Born as Donald Alexander Smith on 6th August 1820 in Forres, Moray in Scotland. He was apprenticed to the Hudson's Bay Company in 1838 and worked for many years at the fur trade in Labrador. He was chief commissioner for the Company from 1870-1874 and Governor from 1889 until his death in 1914.
Smith entered politics in 1870 as a Conservative member for Winnipeg in the new Manitoba legislature. Becoming a member for Selkirk in the Canadian House of Commons in 1871, he withdrew his support for the Conservative leader Sir John A Macdonald during the Pacific Railway Scandal of 1873. This contributed to the defeat of the Macdonald's ministry so when Macdonald returned to power Smith fell from favour. He promoted the St Paul, Minneapolis and Manitoba Railway. But because of Macdonald's antipathy he was not formally a member of the syndicate formed to build the Canadian Pacific Railway in 1880. But his financial support was vital and he was given the honour of driving the last spike at Craigellachie, British Columbia in 1885.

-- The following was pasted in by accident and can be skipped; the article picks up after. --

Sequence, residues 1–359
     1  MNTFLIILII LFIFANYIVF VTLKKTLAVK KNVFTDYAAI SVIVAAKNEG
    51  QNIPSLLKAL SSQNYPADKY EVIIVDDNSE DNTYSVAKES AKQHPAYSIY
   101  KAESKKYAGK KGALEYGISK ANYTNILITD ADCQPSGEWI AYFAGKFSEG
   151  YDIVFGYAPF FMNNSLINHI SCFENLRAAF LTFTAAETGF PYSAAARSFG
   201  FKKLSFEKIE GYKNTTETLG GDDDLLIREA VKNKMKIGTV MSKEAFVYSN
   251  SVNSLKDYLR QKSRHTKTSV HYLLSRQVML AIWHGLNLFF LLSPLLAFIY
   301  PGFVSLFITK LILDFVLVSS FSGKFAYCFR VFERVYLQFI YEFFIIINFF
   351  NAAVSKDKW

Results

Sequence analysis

He became president of the Bank of Montreal in 1887 and honorary president in 1905. He was appointed High Commissioner for Canada in London in 1896 and granted a peerage in 1897. He raised Strathcona's Horse in 1900 to support Britain's war in South Africa against the Boers. He died in London on 21st January 1914. His peerage passed to his only child, Margaret Charlotte Howard.
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